EDS could use a layer of cover. The company which just about defined outsourcing has been running hard to stay even - flat growth over the last decade ... EDS is not Accenture or PwC (which IBM acquired) or TCS or Infosys. Its major strength is still in infrastructure outsourcing (though it has been growing its application and BPO capabilities nicely). HP's outsourcing is similarly more skewed towards infrastructure. So, it is a scale play. But the timing is risky because infrastructure outsourcing is being challenged by data center consolidations, a secular decline in processing, storage and network charges and emergence of utility and cloud computing models. Not the world either EDS or HP grew up in. more

And Subba Iyer waxes serendipitous:

This may be Mark Hurd’s biggest and risky bet to carve out a bigger space in the IT services market ... Unlike the earlier acquisitions, this one is a big move and hence there is the imminent integration challenge between these 2 companies with different cultures. Given that EDS has a higher market share and also been in the IT services business longer than HP, they are unlikely to submit to the HP model easily ... So, who would call the shots — HP as the acquirer or as EDS with a big client list and a track record of delivering higher value services? We just have to see how this unfolds. Second, Mark has to transition the combined entity to the right cost structure by shifting significant resources to a low cost countries like India. At least in India both EDS and HP have operations and their merger may not create much problems. more

Here's Nick Farrell, from the United Kingdom of Great Britain and Northern Ireland:

The maker of jolly expensive printer ink, HP is close to signing on the bottom line ... In Blighty [EDS] has not had a good record. In November 2001, it was unable to finish a £300 million project to supply the UK's Ministry of Defence with a payroll system. In December 2003, it lost a 10-year £3 billion contract to run the UK Inland Revenue IT services after a series of bungles in the payment of tax credits. It ran over-budget on a project for the UK’s Child Support Agency and admitted that the whole thing was "badly designed, badly tested and badly implemented". Last year BSkyB won £709m compensation from EDS, claiming that the company's failure to meet its agreed service standards resulted not just from incompetence, but from fraud and deceit in the way it pitched for the contract. more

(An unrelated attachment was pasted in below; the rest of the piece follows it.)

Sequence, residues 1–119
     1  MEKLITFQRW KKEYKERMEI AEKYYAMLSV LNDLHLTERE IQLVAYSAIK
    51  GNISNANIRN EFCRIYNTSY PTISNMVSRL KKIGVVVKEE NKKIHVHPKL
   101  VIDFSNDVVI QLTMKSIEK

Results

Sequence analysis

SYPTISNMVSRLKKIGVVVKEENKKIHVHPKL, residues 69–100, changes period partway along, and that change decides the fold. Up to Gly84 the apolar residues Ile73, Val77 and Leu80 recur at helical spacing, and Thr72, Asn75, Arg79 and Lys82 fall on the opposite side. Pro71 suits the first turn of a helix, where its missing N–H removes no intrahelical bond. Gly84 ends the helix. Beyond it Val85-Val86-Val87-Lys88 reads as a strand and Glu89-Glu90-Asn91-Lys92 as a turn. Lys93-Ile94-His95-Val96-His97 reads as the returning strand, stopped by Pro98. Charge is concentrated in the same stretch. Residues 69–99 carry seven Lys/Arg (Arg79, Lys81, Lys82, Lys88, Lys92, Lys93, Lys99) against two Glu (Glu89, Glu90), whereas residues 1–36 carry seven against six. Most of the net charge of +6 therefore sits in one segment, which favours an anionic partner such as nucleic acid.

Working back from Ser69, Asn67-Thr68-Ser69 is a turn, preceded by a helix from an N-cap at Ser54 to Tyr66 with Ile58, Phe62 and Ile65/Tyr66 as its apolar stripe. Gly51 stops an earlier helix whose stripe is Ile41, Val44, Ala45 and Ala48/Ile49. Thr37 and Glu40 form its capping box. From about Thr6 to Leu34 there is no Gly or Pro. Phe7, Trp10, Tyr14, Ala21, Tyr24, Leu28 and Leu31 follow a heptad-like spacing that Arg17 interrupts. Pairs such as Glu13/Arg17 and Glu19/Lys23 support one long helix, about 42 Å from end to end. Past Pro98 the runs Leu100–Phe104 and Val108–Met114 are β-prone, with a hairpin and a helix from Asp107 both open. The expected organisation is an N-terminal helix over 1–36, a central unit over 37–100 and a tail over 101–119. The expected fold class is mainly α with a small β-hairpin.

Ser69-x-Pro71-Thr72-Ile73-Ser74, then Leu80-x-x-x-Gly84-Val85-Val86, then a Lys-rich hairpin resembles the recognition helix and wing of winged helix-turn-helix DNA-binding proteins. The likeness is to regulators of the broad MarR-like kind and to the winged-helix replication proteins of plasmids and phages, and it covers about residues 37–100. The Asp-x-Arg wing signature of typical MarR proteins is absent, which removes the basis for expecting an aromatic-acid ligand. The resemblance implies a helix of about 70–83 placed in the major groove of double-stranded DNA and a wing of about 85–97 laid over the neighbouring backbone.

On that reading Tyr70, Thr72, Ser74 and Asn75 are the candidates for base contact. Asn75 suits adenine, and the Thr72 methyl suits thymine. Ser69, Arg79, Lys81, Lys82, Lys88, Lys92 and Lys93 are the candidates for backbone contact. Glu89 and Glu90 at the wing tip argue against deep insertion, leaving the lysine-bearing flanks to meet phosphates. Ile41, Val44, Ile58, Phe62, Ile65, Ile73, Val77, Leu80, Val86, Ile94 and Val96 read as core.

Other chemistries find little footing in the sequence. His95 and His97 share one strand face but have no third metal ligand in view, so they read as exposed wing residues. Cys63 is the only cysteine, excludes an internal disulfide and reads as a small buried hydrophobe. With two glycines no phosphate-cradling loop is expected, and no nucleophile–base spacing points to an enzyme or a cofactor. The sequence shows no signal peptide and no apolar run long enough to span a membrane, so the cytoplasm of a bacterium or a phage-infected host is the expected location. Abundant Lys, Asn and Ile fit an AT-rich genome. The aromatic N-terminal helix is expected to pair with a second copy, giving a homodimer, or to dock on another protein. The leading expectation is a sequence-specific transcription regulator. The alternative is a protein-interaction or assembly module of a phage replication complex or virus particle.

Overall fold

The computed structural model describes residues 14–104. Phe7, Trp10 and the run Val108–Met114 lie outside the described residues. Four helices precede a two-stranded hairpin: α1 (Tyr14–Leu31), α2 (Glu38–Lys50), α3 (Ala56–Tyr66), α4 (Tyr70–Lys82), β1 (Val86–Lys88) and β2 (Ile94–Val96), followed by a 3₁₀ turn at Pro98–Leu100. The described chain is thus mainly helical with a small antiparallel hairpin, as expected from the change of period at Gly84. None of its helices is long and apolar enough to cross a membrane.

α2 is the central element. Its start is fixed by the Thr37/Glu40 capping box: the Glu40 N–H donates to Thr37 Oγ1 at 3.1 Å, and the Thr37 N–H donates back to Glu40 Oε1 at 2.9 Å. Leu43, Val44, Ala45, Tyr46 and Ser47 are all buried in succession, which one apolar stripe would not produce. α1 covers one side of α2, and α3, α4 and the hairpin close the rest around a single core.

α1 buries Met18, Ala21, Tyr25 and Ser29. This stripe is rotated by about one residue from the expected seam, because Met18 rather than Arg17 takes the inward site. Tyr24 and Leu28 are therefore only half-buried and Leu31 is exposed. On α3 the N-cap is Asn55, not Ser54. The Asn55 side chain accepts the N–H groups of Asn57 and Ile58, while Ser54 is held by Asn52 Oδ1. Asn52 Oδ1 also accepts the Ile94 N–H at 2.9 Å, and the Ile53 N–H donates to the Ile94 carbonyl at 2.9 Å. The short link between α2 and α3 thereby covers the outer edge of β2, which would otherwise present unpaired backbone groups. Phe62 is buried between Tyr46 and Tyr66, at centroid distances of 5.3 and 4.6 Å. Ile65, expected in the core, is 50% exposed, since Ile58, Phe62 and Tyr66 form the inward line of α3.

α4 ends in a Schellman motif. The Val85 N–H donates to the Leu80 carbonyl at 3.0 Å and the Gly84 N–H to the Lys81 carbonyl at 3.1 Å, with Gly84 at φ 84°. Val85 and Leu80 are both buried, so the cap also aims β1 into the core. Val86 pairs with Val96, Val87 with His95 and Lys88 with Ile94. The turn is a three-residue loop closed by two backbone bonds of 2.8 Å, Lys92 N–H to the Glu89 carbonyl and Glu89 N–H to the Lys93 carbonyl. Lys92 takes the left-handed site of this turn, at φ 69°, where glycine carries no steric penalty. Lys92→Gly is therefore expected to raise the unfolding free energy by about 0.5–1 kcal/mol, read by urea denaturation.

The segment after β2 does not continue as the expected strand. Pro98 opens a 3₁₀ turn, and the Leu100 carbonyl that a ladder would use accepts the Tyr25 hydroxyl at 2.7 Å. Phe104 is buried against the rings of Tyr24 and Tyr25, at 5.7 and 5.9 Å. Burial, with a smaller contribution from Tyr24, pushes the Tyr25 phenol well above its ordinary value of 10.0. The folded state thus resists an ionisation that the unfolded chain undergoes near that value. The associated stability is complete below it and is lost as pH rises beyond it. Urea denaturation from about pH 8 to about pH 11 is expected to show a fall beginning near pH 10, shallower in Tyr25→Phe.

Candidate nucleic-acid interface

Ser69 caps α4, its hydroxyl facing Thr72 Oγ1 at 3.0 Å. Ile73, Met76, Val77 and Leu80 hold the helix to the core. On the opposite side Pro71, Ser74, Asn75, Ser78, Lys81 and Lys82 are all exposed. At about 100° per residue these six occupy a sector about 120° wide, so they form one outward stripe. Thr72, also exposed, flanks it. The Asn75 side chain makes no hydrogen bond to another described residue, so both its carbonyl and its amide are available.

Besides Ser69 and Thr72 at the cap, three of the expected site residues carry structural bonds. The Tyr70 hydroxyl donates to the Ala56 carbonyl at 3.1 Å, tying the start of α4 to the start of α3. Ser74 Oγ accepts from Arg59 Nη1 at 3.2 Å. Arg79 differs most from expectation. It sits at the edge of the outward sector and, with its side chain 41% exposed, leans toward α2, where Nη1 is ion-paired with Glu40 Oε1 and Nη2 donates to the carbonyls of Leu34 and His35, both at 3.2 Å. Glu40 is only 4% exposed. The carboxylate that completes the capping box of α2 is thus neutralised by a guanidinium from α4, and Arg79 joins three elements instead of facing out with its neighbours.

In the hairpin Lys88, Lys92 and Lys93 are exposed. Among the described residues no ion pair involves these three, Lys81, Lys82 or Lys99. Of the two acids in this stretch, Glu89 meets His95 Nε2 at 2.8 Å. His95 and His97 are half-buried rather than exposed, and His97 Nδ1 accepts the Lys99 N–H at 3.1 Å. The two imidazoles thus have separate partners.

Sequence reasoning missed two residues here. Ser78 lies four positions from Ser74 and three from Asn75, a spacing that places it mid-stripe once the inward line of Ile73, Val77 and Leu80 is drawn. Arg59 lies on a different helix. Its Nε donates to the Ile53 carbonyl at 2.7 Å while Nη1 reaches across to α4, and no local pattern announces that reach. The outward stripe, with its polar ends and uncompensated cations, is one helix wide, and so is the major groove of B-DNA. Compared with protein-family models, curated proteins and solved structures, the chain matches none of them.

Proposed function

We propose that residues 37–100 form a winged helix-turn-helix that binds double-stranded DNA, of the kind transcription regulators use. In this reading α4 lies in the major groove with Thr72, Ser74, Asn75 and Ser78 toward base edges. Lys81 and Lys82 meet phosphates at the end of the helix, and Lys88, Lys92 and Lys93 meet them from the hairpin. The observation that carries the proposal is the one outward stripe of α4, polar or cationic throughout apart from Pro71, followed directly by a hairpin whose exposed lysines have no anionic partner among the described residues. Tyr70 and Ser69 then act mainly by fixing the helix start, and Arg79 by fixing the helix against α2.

Of course, John Furrier plays the, "I told you so" card:

I was reporting this rumor on my blog last week. This will be a massive reorg for the computer giant HP. HP being a major player in the services business will buy EDS. Impact: massive reorg of the existing services organization. Remember the failed attempt by iCarly who tried to by PriceWaterhouseCoopers to bolster the services offering to counter IBM. Question is will this deal be the same massive integration job as experienced with the Compaq deal. Unlike iCarly, Mark Hurd had the chops to pull this off. Word within HP is that Mark is in touch with the operational machinery of HP and has the respect of this management ... [But] this is a big blow to the existing services business at HP ... these mega mergers just don’t seem to make sense when you see the massive integration. It could be years for an organization like HP to digest the culture of EDS. If HP and Mark Hurd can pull it off it will be a coup. more

And finally: synchronizing metronomes, using conservation of momentum...

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Richi Jennings is an independent analyst/adviser/consultant, specializing in blogging, email, and spam. A 21 year, cross-functional IT veteran, he is also an analyst at Ferris Research. You can follow him on Twitter, pretend to be Richi's friend on Facebook, or just use boring old email: blogwatch@richi.co.uk.